In my professional experience, far too many respondents opt for settlement believing that they’re merely making a business decision that’s balancing the costs of defense against the cost of a fine (or the value of a suspension).  While such a decision is often the correct one, it’s not always so.  In an effort to drive home this warning, let me quote from the typical Section C that is in most current FINRA AWCs:

C. If accepted:

1. This AWC will become part of Respondent’s permanent disciplinary record and may be considered in any future actions brought by FINRA or any other regulator against Respondent;

2. This AWC will be made available through FINRA’s public disclosure program in response to public inquiries about Respondent’s disciplinary record;

3. FINRA may make a public announcement concerning this agreement and the subject matter thereof in accordance with FINRA Rule 8313; and

4. Respondent may not take any action or make or permit to be made any public statement, including in regulatory filings or otherwise, denying, directly or indirectly, any finding in this AWC or create the impression that the AWC is without factual basis. Respondent may not take any position in any proceeding brought by or on behalf of FINRA, or to which FINRA is a party, that is inconsistent with any part of this AWC. Nothing in this provision affects Respondent’s right to take legal or factual positions in litigation or other legal proceedings in which FINRA is not a party.

Bill Singer’s Comment

So, let’s go through those four points.


What’s with that “permanent disciplinary record” warning? It’s letting you know that this is strike one. The next time you run into trouble, FINRA may point to this AWC and say that you’re just not getting it and that future sanctions need to get your attention. It’s also putting you on notice that this mark isn’t for a few months or years but is “permanent.”


For those of you who enter into an AWC believing that it’s some private thing between you and FINRA, think again. FINRA has a “public disclosure program,” and your settlement will likely be disclosed to a customer or potential customer inquiring about your disciplinary record.  And look back up at #1 and note that your disciplinary record is “permanent” . . . as in a long, long time.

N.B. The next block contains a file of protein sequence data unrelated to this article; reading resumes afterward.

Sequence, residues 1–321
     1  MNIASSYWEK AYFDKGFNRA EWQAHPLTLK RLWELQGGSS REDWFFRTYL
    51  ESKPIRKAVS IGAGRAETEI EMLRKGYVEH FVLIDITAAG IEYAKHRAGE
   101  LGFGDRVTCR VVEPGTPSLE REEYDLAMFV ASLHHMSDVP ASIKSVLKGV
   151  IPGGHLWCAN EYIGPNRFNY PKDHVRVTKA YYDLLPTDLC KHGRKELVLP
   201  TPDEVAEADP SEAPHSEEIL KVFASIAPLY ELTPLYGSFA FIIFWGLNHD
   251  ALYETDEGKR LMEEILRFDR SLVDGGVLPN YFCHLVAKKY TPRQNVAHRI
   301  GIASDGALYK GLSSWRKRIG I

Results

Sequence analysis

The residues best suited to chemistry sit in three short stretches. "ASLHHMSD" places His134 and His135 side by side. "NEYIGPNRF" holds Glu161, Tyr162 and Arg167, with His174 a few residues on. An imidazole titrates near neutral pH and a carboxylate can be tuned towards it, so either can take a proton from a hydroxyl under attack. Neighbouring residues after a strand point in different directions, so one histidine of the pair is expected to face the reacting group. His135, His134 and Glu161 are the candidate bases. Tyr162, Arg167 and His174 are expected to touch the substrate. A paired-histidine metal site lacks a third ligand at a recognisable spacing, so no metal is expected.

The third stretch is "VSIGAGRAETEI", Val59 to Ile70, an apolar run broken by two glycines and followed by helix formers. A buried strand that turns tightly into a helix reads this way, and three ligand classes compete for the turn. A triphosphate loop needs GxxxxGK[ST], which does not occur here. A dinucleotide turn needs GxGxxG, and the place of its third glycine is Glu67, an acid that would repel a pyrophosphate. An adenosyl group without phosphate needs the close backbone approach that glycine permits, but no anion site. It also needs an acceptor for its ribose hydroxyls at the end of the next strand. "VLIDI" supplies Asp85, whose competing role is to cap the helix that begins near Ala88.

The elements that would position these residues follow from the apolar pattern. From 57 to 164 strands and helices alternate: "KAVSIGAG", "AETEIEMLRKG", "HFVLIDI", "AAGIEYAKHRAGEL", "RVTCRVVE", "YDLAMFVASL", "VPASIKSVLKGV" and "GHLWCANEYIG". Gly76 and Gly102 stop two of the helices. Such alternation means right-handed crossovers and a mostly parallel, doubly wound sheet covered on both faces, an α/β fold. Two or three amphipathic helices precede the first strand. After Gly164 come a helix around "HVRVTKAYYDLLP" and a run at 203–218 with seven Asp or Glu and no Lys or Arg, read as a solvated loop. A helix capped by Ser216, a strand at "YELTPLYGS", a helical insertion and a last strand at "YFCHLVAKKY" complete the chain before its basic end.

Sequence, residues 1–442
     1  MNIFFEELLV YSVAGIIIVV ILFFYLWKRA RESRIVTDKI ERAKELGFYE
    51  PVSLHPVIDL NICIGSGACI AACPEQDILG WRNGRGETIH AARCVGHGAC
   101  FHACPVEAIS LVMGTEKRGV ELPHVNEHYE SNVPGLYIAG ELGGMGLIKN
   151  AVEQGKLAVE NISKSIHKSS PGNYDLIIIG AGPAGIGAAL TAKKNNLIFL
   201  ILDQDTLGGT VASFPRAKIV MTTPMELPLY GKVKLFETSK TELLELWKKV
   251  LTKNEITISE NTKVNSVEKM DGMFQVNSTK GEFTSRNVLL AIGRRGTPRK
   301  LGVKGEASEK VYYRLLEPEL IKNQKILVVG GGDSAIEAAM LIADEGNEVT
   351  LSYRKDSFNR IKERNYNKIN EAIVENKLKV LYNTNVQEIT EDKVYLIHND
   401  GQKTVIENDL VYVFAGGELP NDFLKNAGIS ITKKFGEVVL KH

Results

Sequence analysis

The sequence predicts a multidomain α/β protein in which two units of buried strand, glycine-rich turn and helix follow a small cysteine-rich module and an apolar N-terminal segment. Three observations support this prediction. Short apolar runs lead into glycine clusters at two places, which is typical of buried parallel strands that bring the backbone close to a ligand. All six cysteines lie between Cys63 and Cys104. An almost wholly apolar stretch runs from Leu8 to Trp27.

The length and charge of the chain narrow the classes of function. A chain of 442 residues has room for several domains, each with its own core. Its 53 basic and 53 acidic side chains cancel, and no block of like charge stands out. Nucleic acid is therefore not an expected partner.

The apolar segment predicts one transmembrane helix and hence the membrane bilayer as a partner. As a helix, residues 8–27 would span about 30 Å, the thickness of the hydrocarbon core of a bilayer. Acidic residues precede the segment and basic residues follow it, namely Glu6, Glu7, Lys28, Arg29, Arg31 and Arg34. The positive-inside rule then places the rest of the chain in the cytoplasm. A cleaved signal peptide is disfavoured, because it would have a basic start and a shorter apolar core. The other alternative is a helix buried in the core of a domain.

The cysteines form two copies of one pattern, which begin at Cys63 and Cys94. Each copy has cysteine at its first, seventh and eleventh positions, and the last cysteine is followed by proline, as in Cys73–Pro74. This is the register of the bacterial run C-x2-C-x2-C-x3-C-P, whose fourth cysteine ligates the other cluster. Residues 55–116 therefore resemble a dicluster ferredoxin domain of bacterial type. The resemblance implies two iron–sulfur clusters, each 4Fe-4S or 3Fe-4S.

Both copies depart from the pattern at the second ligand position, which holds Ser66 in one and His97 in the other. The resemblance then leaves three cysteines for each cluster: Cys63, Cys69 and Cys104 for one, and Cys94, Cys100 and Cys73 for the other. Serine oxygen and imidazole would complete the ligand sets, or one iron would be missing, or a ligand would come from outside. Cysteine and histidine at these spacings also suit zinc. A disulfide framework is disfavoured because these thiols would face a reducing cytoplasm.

Many of you think that once you sign the AWC, that’s it. Not so fast. FINRA may well issue a “public announcement” about your settlement, which typically discloses your name, the allegations against you, the findings made, and the sanctions imposed.  The form of such a public announcement could be a press release, an item in a monthly report, and any number of online links.  Moreover, given the fast pace of the change in media, who knows what the future might hold.


This is something that far too many lawyer fail to discuss with their clients, so let me do that now.  After you’ve signed the AWC you “may not take any action or make or permit to be made any public statement . . . denying, directly or indirectly, any finding in this AWC or create the impression that the AWC is without a factual basis.” Do me a favor a re-read that several times.  You might have missed the warning about not denying the AWC’s findings in the future. No, you don’t have to admit the findings but you are not permitted to deny them.  In summary, you might want to consider keeping your mouth shut about the AWC.

So, you know how you call me up to complain about my story about your AWC, and the first thing out of your mouth is that FINRA forced you to settle and the charges are garbage and the allegations are bull and you only settled to get this behind you?  You know how you make it a point to deny everything and tell me how you would have beaten the rap if you weren’t broke at the time? Ummm, can I quote you on that next time you call and threaten me?